Matt Mullenweg: That's a big question. First, I'll say that the improvement of hosts, particularly the big ones in becoming kind of like WordPress first, providing a really first-class WordPress experience from security updates, everything, it's probably been the biggest change in the WordPress ecosystem over the past five years. And I have huge admiration for them because they're doing this for millions of sites, thousands of support folks. They're really moving some really, steering some really large ships and the results have been fantastic. We got, I think it was up to 68% of our WordPress was on 4.9 by the time 5.0 come out.
Brian Krogsgard: Yeah, that's great.
Matt Mullenweg: But in terms of what's going to make the PHP upgrading easier, it's really a combination of everything, including time, including some of this white screen protection stuff that we're doing. If we can back port that, you know we still backport to 3.7 all of our security updates?
Brian Krogsgard: Mm-hmm (affirmative).
Matt Mullenweg: Which is kind of wild.
Brian Krogsgard: It is. It's great for security of the Web broadly, but it's quite something.
Matt Mullenweg: Yeah, if we can do that for some of this, maybe we can put some of this white screen upgrade protection into those old versions, so that way we can kind of protect people who might be doing plugin and theme or core updates from breaking their site in programmatic way. Um, it's also the work that's gone into updates. We know we migrated to a new data center this year for WordPress.org It's like, I forget the exact or something like five or 10 times more powerful than the old one.
Brian Krogsgard: Wow.
Matt Mullenweg: Almost no one noticed. But you notice that there's no more 503s when we run the updates, and things can go faster. This means we can do auto updates better, which means that we'll be able to do opt-in for core and plugin and theme auto updates and then maybe move that to opt-out 2020. These are all just things that have been going on that represent thousands of hours of work from hundreds of people that set the stage so we can do stuff. It's part of the reason I think that we will be able to move a lot faster in 2019. We had to stop core ,essentially freeze it for Gutenberg, because we were building a new foundation and you can't build the house on top while you're also pouring the concrete, right? Things will sink. They'll get off center. I've never built a house so I don't know this analogy all the way, but now we've got the foundation. We've got this framework and things being built on top of that framework. We're already starting to see the benefits to things like keyboard navigation and accessibility when they're built using Gutenberg fields that already have this kind of baked in.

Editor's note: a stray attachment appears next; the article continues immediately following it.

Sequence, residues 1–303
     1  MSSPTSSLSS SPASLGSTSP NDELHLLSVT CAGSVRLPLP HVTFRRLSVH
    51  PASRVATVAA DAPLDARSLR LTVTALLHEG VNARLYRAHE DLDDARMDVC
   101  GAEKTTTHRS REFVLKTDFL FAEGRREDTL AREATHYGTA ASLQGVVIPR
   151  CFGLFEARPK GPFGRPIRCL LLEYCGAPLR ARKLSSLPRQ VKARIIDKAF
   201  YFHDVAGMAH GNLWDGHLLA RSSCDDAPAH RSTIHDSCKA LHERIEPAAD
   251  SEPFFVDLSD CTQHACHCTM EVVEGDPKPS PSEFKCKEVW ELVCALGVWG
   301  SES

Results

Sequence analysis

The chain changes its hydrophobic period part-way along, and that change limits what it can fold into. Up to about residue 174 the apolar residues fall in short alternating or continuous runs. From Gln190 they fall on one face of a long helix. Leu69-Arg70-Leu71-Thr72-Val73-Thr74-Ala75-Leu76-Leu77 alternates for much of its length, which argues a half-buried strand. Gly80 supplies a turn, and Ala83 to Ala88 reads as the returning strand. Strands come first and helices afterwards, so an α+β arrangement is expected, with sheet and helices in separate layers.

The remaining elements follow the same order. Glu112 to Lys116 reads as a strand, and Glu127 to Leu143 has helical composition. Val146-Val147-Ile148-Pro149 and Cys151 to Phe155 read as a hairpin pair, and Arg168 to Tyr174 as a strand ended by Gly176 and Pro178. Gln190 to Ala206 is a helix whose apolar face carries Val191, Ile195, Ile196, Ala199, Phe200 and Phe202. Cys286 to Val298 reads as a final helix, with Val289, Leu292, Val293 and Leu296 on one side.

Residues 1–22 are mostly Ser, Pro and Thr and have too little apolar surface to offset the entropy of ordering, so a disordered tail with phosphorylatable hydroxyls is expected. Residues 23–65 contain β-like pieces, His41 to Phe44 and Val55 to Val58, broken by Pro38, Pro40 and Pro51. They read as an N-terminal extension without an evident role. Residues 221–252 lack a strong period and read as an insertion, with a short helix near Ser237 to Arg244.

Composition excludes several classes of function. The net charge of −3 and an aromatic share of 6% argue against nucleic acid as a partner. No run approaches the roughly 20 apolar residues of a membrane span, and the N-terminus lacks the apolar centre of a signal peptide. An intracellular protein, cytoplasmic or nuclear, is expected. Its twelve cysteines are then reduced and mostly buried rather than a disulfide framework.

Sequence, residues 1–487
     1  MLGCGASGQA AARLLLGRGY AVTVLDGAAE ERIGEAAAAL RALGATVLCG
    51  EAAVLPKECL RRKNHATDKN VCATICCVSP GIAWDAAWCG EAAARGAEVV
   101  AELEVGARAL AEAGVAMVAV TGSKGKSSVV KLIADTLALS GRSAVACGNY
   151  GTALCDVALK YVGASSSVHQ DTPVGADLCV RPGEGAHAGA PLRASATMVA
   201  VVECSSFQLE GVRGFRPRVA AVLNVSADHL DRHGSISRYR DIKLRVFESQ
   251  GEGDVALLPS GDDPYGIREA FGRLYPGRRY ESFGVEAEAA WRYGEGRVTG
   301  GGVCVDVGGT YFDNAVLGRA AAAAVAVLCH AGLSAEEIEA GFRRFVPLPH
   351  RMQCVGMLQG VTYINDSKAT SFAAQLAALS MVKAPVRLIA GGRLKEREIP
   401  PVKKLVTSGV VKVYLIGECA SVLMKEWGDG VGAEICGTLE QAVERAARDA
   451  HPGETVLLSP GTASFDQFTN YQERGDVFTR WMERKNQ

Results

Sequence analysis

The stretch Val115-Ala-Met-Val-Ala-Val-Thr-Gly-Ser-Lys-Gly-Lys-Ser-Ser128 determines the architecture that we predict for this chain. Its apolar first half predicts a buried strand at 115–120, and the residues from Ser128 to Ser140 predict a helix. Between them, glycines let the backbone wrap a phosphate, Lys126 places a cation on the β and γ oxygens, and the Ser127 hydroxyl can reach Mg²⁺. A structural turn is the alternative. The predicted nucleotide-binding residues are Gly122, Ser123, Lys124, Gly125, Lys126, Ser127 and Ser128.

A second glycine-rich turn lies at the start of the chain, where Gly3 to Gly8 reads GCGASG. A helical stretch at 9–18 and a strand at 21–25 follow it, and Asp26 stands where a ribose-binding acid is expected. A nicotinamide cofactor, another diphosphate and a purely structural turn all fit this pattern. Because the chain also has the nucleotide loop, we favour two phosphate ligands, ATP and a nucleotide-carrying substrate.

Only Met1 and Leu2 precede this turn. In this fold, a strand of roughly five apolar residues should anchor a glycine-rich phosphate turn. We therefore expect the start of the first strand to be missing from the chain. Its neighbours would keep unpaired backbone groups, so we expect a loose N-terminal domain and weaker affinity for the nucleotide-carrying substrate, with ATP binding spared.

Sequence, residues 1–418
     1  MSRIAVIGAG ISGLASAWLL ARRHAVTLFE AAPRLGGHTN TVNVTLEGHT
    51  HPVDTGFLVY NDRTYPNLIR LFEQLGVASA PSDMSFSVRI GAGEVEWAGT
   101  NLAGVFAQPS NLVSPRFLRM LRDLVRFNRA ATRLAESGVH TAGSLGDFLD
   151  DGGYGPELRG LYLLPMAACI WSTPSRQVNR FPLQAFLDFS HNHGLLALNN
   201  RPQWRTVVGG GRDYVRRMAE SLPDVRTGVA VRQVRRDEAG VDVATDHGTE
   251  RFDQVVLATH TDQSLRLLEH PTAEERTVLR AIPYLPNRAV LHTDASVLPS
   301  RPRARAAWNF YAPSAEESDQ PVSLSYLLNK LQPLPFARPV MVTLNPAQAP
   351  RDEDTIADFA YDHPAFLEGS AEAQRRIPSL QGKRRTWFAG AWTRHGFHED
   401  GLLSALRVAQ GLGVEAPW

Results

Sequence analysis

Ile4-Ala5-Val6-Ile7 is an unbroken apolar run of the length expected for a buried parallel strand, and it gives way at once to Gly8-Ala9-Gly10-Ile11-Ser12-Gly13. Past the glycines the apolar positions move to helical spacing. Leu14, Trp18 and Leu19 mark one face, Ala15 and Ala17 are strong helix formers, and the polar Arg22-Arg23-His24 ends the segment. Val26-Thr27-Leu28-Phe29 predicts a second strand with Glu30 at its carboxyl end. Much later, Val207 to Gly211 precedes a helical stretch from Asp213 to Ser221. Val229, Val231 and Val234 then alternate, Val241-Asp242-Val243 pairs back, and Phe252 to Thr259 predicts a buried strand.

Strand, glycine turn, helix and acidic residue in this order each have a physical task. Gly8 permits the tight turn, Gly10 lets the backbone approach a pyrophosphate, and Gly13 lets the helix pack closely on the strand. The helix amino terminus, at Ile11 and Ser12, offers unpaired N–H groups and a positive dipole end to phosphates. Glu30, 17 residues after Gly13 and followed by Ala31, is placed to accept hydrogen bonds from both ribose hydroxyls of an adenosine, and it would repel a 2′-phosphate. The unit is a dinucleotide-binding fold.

Matt Mullenweg: So I think that we have the opportunity to do just a massive upgrade not just of the editor but of every single plugin, every single theme, every single person's experience with WordPress because think about it. No one just runs core. Cool if we do Gutenberg in core? Ultimately it doesn't matter. Everyone's got five, 10, 20 different plugins. They've got their theme which might implement who knows how many additional features baked into the theme? Probably dozens, if you think about all the customization options, that's all going to be able to be reimagined now and already is. We see some of this, over 100 themes in the plugin directory. You might have noticed we put the Gutenberg-ready plugins at the very top, even above featured. We're really trying to get everyone on this train.
Brian Krogsgard: Do you think there was a messaging gap in a trying to get across the idea that Gutenberg is a foundation rather than a window dressing or wallpaper or whatever other nonstructural housing component we want to compare it to?
Matt Mullenweg: Well, I think it's easy to say that there was a messaging gap and that communication could have been 10 times better or whatever, because there are obviously some people who wren't on board and still aren't on board. So now, is there anything that could have gotten everyone 100 percent?
Brian Krogsgard: No.